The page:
Encouraging the contemporary expression of Aboriginal culture in all its forms is a passion that drives Alison to facilitate the telling of ancient stories in new and innovative ways.
Alison, you’re originally from Sydney. What made you move to the North Coast?
I moved to the North Coast when I was 9, when my parents split up, so I went to high school and everything in Coffs Harbour. However, my family connections to La Perouse are still really strong.
I do feel connected to the land here now, but I always refer to myself as a concrete Koorie ‘cause I am originally from the city – and that really translates through the work that I do.
I am really a passionate advocate for contemporary Aboriginal culture, so really about telling ancient stories in new ways and forms. Aboriginal people express ancient stories in hip hop, contemporary dance, all forms or music, art, digital media – just to name a few.
You’re an award winning Aboriginal designer, artist, TV personality and festival director. Where do you find all your time?
I do have my fingers in a lot of different pies but there really is a common theme that runs through them, which really stems around culture and the expression of Aboriginal identity – whether it’s with design or directing festivals. It’s all story telling.
I think once you get versed as well with the process of working with communities, it all becomes much easier. The communities are the ones that come together and make these things happen.
You are one of a very few handful of indigenous interior designers here in Australia today. Are you trying to encourage more indigenous people into that field?
Absolutely! I would have to say the Aboriginal design program that we run here at the Arts Alliance is my passion. I took a concept to the Australia 2020 summit in 2008, and it was about starting a National Design Brokering service where we basically represent artists and we act as an agent for Aboriginal artists right through to manufacturers.
The program is about getting Aboriginal art onto lighting, furniture, carpets – just home wares basically. We want to present these opportunities to other Aboriginals in the area.
What we are doing at the festival this year is launching a beautiful book called Saltwater Freshwater Art, which features 39 Aboriginal artists. Their work is photographed and presented in this book. Sitting behind those 39 artists are another 140 artists, who are emerging at a different level.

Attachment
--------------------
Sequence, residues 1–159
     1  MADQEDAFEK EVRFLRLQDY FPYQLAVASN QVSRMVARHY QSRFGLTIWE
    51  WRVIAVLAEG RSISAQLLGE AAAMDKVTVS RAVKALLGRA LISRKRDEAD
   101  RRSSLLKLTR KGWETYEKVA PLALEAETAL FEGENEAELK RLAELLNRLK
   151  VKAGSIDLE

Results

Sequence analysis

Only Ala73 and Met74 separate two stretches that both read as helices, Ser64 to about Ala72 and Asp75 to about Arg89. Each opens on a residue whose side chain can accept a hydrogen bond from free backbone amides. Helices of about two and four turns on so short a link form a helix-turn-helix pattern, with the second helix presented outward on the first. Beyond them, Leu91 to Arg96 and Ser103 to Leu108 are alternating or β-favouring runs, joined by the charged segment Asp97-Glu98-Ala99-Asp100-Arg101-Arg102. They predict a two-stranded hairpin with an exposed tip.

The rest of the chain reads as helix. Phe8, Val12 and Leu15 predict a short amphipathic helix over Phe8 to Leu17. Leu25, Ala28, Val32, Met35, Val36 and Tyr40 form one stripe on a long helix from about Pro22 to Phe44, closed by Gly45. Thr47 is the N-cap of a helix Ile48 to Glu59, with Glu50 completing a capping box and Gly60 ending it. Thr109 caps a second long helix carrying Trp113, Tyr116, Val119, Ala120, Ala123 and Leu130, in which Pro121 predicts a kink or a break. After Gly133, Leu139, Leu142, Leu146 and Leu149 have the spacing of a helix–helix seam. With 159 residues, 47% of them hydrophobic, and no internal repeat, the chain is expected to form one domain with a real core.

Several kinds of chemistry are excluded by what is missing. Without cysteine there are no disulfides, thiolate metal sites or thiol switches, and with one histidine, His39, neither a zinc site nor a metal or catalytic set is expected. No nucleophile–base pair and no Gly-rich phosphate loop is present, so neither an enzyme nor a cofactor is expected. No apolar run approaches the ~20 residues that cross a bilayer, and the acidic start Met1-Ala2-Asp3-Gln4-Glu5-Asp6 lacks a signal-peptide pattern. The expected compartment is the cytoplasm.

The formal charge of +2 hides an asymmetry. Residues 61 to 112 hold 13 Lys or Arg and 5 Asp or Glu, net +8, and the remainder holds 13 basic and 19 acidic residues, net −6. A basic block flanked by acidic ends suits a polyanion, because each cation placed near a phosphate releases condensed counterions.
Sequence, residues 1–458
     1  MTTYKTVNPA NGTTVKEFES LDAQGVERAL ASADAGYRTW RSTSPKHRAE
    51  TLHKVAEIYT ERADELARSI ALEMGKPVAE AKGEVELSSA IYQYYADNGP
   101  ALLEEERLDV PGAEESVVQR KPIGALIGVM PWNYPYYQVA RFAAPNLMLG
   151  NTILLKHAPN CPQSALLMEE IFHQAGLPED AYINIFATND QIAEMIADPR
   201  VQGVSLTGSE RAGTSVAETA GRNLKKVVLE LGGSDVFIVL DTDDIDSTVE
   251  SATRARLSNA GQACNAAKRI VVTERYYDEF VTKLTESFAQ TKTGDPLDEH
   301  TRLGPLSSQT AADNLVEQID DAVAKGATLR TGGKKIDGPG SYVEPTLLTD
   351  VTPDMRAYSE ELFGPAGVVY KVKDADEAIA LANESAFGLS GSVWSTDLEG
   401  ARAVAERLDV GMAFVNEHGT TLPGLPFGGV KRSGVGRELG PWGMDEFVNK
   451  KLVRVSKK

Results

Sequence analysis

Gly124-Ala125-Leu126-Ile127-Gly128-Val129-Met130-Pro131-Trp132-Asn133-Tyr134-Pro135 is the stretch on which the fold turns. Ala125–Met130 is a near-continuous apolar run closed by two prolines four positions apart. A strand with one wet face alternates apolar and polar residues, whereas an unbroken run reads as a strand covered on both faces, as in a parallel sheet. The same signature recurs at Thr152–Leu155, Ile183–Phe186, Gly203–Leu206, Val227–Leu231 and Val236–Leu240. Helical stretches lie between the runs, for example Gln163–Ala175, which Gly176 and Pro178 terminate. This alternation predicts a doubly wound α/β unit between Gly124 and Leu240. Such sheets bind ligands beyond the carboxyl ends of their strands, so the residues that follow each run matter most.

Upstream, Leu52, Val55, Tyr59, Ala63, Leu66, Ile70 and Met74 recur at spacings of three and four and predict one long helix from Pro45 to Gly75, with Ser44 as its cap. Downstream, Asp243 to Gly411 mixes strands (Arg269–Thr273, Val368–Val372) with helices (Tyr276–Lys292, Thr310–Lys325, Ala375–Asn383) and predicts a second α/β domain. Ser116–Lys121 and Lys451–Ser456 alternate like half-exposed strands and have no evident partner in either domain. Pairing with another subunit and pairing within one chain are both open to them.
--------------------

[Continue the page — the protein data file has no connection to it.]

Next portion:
We are running courses all along the North Coast, where we have artists producing bags, table runners, ceramics and really just going for it. They also feature in the book, and they will have a stall at the festival this year. I’ve also just got back from a study tour in Vietnam with 12 of the best of those students, where we went through villages and they did different hand made objects and embroidery.
The Saltwater Freshwater Festival is being held here in Port Macquarie this year. Are you hoping for as big a crowd as you had in Coffs last year?
Well, I’m thinking we might even have a bigger crowd. We’re extending our hours from 11am ‘til 9pm this year. There will be the IBA markets, which are being sponsored by the Indigenous Business Australia, where all different types of artists and people with different cultural products will be selling their wares. We have different Aboriginal food stalls as well.
The biggest platform, I suppose, is for the artists themselves performing on the stage. This year we are doing a Saltwater Freshwater Unearthed, so there will be this space on the stage for emerging talents. This will give them a great opportunity to perform next to some of the greats.
What are some of the highlights of this year’s festival that we can look forward to?
I think the Yarn Tent this year will be really exciting, because that will be a nice place to eat and retreat and listen to a really fantastic debate around Aboriginal identity.
And we’ll have some speakers in the tent as well, like our festival coach Nathan Ridgeway and a really renowned Aboriginal curator at the National Museum of Australia, Margo Neil.
Also, Generation One’s spokesperson Tania Major, the CEO of the Aboriginal employment covenant, whose name is Rhonda Parker. ‘So You Reckon You Can Didge’ will be there as well; they were very popular last year. Street Warriors will be headlining as well. We’ve also got Neil Murray back, who’s great.
One of the really unique things we are doing this year is Port Macquarie-Hastings Council will be hosting the citizenship ceremony as part of the festival. It will be on the main stage, and we’ll be welcoming the new citizens in front of everyone.
For anyone who wants to volunteer for the festival, how do they do so?
If they want to be a volunteer, have a stall, or if they’re an emerging performer, they can go to our website: www.saltwaterfreshwaterfestival.com.au and for volunteers they can email firstname.lastname@example.org
I would just like to say a huge thank you to all our sponsors. They are all part of our family so it’s not just about them funding us. They have been working with us in the lead up to this day to make it a great event. And we look forward to growing our relationship with them.
Thank you Alison.